South Carolina sheriff denies bribe, fraud charges

Suspended Lexington County Sheriff James Metts leaves the Matthew J. Perry Federal Courthouse in Columbia, S.C. after pleading not guilty to federal misconduct charges and being released on a $100,000 bond. South Carolina's longest-serving sheriff is accused of lining his pockets by doing favors for friends.



COLUMBIA— South Carolina’s longest-serving sheriff has pleaded not guilty to bribery and fraud charges.


Lexington County Sheriff James Metts entered that plea Tuesday in federal court in Columbia.


Metts was also allowed to post bond. He left court without speaking to reporters, and his next court appearance has not been scheduled.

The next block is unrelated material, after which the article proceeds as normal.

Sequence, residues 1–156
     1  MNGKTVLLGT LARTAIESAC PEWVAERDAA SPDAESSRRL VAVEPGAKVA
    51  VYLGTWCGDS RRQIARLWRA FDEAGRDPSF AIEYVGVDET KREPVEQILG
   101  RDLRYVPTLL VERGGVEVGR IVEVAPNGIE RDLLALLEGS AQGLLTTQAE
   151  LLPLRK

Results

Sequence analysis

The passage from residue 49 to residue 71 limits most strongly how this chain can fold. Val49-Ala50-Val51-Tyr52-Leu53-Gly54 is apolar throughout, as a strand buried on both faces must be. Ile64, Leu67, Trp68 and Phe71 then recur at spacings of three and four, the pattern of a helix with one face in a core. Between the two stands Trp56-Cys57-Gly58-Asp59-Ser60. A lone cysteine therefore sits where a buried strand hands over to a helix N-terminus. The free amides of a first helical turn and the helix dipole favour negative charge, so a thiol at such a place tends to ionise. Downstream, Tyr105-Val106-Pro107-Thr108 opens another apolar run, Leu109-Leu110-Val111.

Prosecutors say the longtime sheriff allowed friends to buy favors, accepting cash in return for agreeing to assist people who were in the country illegally and who were being detained.


A federal judge has ordered the sworn statements that led to Metts’ indictment be sealed. Court documents show agents have removed materials including computers, appointment books and written notes from the sheriff’s office.


Gov. Nikki Haley has suspended Metts from office, and Lewis McCarty is serving as acting sheriff.


South Carolina's longest-serving sheriff latest in string to be charged, investigated